21. ^ Gift from Julia Child Spurs Construction of First Campus Center at her Alma Mater, Smith College
  22. ^ Julia Child's Kitchen at the Smithsonian
  23. ^ Goldberg, Carey (November 25, 2000). "For a Cooking Legend, the Ultimate Dinner Was Served". The New York Times. http://www.nytimes.com/2000/11/25/dining/20001125child.html?ex=1163480400&en=ffe4cd399b8b45b9&ei=5070. Retrieved November 12, 2006. 
  24. ^ "Profile: "Julia Child"". Encyclopædia Britannica. http://www.britannica.com/women/article-9024054. Retrieved November 13, 2006. 
  25. ^ Brown University News Service (May 24, 2000). "Commencement 2000 - Brown will award 10 honorary degrees at Commencement May 29". Press release. http://brown.edu/Administration/News_Bureau/1999-00/99-130.html. Retrieved March 28, 2010. 
  26. ^ Saekel, Karola (August 14, 2004). "TV's French chef taught us how to cook with panache". San Francisco Chronicle. http://www.sfgate.com/cgi-bin/article.cgi?f=/c/a/2004/08/14/MNG51886851.DTL. Retrieved 2008-06-28. 
  27. ^ Mellowes, Marilyn (June 15, 2005). "Julia Child: About Julia Child". American Masters. PBS. http://www.pbs.org/wnet/americanmasters/episodes/julia-child/about-julia-child/555/. Retrieved 2009-05-13. 
  28. ^ ""American Masters" Julia Child! America's Favorite Chef (2004)". IMDb. http://www.imdb.com/title/tt0784622/. Retrieved 2009-05-13. 
  29. ^ "Primordial Soup With Julia Child". YouTube. http://www.youtube.com/watch?v=7pt0rIZ3ZNE. 
  30. ^ http://www.alacartetv.com/html/jnj/aboutalc.htm, Retrieved on 2009-03-28.

External links


Quotes

Up to date as of January 14, 2010

From Wikiquote

.Julia Child (1912-2004), television chef.^ Julia Child's "French Chef" as soulcraft .
  • Julia Child's "French Chef" as soulcraft - Crunchy Con 22 September 2009 22:022 UTC blog.beliefnet.com [Source type: General]

^ Simmerstock.com performing: Julia Child: 1912-2004 .
  • Simmer Stock - Kitchen performing: Julia Child: 1912-2004 24 January 2010 15:24 UTC www.simmerstock.com [Source type: General]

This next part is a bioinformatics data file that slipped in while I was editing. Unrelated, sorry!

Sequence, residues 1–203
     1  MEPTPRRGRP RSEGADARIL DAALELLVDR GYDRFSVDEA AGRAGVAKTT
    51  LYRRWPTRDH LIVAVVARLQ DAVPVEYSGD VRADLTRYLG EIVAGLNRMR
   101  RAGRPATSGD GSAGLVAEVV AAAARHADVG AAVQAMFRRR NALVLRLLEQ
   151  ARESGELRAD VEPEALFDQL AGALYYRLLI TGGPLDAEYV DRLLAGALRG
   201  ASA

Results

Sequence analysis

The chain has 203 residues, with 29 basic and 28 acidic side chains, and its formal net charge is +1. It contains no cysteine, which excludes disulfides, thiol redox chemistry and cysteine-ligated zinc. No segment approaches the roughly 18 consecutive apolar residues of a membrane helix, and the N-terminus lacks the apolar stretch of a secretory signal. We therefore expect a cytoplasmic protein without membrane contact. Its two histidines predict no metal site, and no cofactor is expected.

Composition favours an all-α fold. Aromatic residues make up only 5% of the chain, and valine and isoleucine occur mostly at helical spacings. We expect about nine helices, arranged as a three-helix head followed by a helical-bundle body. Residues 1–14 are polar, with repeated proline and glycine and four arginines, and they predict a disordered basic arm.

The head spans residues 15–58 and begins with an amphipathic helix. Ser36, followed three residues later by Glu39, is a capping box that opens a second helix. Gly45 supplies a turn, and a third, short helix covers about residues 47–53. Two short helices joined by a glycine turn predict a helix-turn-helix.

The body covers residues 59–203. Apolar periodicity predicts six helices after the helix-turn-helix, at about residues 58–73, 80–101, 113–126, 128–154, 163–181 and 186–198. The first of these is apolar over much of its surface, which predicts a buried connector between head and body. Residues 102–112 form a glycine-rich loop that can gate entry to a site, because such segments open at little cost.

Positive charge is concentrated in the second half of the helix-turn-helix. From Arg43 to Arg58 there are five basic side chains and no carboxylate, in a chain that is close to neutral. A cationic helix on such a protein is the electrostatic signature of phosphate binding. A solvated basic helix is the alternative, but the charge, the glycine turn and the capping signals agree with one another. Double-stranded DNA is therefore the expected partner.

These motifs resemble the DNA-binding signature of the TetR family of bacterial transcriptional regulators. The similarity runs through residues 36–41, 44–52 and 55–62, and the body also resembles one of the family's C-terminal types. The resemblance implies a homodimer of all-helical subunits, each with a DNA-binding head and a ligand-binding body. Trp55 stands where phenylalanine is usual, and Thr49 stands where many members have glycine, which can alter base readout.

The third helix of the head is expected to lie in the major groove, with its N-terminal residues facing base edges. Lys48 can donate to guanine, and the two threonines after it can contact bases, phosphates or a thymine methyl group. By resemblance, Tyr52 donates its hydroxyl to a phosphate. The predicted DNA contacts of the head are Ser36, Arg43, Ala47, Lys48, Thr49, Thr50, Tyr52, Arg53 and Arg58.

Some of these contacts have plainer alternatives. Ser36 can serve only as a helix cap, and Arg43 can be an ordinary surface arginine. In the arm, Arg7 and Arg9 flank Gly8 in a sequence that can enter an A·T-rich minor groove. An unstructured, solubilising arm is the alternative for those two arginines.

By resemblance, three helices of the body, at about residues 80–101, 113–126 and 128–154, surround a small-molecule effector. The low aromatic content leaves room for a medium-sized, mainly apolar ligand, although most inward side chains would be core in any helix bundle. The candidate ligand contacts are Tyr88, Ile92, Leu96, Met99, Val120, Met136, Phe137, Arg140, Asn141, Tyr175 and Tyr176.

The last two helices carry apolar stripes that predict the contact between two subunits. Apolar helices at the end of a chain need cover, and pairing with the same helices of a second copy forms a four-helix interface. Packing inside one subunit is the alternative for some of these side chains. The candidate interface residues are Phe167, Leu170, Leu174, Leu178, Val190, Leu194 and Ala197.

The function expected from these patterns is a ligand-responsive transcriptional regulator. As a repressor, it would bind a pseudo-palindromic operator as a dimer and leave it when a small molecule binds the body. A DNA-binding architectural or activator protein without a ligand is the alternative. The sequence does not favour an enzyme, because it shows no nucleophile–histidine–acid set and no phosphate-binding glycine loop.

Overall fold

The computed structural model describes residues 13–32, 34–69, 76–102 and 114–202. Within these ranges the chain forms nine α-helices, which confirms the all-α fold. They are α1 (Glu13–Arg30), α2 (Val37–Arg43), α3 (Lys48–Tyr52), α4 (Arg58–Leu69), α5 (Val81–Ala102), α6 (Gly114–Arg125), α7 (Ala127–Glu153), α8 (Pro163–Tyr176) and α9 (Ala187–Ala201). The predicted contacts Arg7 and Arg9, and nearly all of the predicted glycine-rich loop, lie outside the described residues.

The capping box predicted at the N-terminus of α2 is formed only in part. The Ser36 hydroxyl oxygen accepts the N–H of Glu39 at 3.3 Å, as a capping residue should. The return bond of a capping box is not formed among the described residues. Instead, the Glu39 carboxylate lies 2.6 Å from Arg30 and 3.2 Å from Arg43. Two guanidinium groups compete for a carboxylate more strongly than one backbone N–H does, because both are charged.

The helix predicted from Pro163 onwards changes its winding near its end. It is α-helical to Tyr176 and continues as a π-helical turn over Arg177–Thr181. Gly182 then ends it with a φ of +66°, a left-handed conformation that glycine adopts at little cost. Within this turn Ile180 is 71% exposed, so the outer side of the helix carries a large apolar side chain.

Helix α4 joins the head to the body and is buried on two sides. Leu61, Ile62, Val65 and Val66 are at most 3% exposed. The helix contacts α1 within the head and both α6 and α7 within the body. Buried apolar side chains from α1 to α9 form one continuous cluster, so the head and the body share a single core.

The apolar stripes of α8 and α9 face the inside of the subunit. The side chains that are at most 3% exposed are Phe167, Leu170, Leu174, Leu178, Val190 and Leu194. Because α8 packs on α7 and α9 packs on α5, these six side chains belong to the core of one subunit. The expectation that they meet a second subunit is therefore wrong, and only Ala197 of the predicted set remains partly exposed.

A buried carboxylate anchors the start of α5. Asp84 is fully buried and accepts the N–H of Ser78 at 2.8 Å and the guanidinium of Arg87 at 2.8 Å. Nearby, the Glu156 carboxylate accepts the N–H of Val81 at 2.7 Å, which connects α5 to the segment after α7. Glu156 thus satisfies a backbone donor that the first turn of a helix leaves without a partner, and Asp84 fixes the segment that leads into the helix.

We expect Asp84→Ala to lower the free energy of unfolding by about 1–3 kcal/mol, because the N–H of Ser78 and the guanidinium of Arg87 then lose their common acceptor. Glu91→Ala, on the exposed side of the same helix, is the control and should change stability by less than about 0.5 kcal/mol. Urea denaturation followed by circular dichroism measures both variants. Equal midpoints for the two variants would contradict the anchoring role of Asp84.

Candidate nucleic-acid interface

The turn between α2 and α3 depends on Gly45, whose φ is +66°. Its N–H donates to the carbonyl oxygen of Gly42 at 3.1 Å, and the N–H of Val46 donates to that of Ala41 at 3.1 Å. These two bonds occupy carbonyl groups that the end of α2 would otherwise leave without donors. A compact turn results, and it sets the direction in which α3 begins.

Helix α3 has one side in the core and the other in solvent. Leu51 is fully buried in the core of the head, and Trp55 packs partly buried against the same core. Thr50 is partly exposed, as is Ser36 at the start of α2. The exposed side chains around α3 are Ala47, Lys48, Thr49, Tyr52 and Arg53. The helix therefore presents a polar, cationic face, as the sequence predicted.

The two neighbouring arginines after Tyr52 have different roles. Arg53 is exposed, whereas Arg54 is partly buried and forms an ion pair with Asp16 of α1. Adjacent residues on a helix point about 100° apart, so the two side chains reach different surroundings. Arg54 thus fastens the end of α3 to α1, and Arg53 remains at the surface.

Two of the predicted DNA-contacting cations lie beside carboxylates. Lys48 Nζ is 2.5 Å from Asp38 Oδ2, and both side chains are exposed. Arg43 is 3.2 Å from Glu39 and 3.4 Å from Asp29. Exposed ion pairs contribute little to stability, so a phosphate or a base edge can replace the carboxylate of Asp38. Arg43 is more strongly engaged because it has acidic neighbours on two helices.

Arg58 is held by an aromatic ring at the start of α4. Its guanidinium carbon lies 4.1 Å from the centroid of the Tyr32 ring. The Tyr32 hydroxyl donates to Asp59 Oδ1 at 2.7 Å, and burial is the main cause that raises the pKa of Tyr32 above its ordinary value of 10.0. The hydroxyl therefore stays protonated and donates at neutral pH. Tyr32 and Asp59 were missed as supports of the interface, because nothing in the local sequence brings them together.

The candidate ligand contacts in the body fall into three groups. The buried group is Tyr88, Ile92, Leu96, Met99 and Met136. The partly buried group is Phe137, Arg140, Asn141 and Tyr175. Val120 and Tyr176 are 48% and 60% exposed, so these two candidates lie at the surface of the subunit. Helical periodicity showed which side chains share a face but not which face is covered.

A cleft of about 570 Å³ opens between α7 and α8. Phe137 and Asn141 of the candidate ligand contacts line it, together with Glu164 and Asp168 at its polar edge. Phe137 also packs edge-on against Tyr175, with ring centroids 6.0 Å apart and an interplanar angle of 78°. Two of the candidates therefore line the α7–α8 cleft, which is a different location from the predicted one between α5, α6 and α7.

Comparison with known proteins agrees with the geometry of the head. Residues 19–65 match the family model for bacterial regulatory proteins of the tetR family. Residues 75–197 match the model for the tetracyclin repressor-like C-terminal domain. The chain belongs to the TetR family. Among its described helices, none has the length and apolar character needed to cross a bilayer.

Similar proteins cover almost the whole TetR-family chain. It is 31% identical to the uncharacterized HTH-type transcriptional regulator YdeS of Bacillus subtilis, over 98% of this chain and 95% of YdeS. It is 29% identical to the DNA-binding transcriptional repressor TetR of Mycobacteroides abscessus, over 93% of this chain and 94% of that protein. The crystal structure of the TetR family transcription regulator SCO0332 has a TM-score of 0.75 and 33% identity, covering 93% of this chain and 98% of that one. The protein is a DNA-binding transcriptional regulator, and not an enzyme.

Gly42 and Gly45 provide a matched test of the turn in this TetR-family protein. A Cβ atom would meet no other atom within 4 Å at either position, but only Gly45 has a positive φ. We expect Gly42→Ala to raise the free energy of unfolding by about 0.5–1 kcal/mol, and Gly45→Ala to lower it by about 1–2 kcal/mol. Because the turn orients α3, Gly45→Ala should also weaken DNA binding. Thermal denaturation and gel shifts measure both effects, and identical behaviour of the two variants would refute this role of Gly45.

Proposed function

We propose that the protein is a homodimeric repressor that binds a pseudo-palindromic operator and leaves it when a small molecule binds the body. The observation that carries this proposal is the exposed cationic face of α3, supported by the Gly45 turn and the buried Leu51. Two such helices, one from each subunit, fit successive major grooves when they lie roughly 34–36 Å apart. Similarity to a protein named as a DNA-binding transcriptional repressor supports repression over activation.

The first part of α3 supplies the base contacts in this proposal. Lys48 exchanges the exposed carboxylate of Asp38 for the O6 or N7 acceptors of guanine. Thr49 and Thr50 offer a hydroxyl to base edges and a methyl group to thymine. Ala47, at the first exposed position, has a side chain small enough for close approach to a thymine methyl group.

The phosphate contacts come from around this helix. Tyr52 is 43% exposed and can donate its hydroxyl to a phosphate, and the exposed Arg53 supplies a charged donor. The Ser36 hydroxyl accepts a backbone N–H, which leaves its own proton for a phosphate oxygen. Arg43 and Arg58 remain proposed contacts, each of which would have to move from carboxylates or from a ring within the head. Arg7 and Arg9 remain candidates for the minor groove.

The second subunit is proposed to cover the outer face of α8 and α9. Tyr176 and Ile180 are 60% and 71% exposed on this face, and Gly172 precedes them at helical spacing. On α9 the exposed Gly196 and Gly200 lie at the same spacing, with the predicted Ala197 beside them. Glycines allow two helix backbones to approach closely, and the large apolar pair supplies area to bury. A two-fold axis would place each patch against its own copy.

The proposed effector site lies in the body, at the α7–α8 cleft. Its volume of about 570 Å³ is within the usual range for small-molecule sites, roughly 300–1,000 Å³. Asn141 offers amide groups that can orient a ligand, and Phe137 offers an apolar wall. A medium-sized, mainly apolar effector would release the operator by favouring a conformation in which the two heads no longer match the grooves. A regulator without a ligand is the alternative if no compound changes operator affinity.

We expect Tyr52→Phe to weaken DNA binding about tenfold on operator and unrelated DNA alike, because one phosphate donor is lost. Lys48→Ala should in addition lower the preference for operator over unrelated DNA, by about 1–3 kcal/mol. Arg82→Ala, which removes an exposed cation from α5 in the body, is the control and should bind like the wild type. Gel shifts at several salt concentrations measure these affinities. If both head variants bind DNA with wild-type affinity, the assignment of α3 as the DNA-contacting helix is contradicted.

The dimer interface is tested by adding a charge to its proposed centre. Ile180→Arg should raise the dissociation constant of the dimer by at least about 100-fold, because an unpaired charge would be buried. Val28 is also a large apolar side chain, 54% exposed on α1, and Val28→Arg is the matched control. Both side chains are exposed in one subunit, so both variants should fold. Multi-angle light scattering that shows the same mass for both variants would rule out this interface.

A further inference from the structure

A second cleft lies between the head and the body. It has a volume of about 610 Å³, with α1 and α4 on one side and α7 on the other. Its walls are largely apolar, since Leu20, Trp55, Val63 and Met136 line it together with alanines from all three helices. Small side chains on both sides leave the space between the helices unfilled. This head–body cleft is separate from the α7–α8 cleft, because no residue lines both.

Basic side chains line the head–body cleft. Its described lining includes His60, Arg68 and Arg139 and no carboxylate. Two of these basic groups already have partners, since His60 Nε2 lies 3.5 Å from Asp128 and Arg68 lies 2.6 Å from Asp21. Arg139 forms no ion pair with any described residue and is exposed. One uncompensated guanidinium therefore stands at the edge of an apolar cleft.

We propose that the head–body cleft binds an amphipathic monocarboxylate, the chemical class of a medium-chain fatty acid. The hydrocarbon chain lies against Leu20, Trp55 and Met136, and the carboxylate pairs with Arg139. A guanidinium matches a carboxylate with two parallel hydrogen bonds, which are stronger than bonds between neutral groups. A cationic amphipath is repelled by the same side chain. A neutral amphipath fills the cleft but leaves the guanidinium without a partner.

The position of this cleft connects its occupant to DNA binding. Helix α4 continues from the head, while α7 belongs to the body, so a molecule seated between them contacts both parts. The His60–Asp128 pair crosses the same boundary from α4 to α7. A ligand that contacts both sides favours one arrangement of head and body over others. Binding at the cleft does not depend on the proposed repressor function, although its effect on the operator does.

^ Julia Child herself was an amazing chef .
  • An Ode to Julia Child, Quotes and Vintage Video Included! | Savory Tv | Delicious chef recipe videos 24 January 2010 15:24 UTC www.savory.tv [Source type: FILTERED WITH BAYES]

Sourced

.
  • A cookbook is only as good as its worst recipe.^ "A cookbook is only as good as its poorest recipe," she would say later.
    • Current.org | Julia Child profiled 24 January 2010 15:24 UTC www.current.org [Source type: General]

    ^ A cookbook is only as good as its poorest recipe.
    • Julia Child Interview - Eating Healthy and Smart - Quotes about Diets - Esquire 24 January 2010 15:24 UTC www.esquire.com [Source type: Original source]
    • Julia Child Interview - Eating Healthy and Smart - Quotes about Diets - Esquire 24 January 2010 15:24 UTC www.esquire.com [Source type: Original source]

    ^ In these excerpts from the conversation, she talks about American eating habits in the late 1940s; describes a rather nasty letter she received after demonstrating how to bake a chocolate cake; and offers some wisdom on cookbooks ("Your book is only as good as your worst recipe!"
    • In the Paley Center Collection | The Paley Center for Media 24 January 2010 15:24 UTC paleycenter.org [Source type: General]

    .
    • Quoted in New York Times obituary [1]
  • The only time to eat diet food is while you're waiting for the steak to cook.^ Quoted in New York Times obituary [1] The only time to eat diet food is while you're waiting for the steak to cook.
    • Julia Child - Wikiquote 24 January 2010 15:24 UTC en.wikiquote.org [Source type: FILTERED WITH BAYES]

    ^ New York Times newspaper articles .
    • Julia Child’s Timeless Lessons in Cooking - The New York Times 22 September 2009 22:022 UTC www.nytimes.com [Source type: News]
    • A Boeuf Bourguignon in (Gasp!) Five Steps - The New York Times 22 September 2009 22:022 UTC www.nytimes.com [Source type: News]

    ^ The only time to eat diet food is while you are waiting for the steak to cook.
    • Bon Appétit! (Julia Child’s Posthumous Resurgence) - The Toilet Paper 24 January 2010 15:24 UTC thetoiletpaper.com [Source type: General]

    .
    • Indirect quote on The National (CBC TV), Aug.^ Indirect quote on The National (CBC TV), Aug.
      • Julia Child - Wikiquote 24 January 2010 15:24 UTC en.wikiquote.org [Source type: FILTERED WITH BAYES]

      13

External links

Wikipedia
Wikipedia has an article about:

Citable sentences

Up to date as of December 25, 2010

Here are sentences from other pages on Julia Child, which are similar to those in the above article.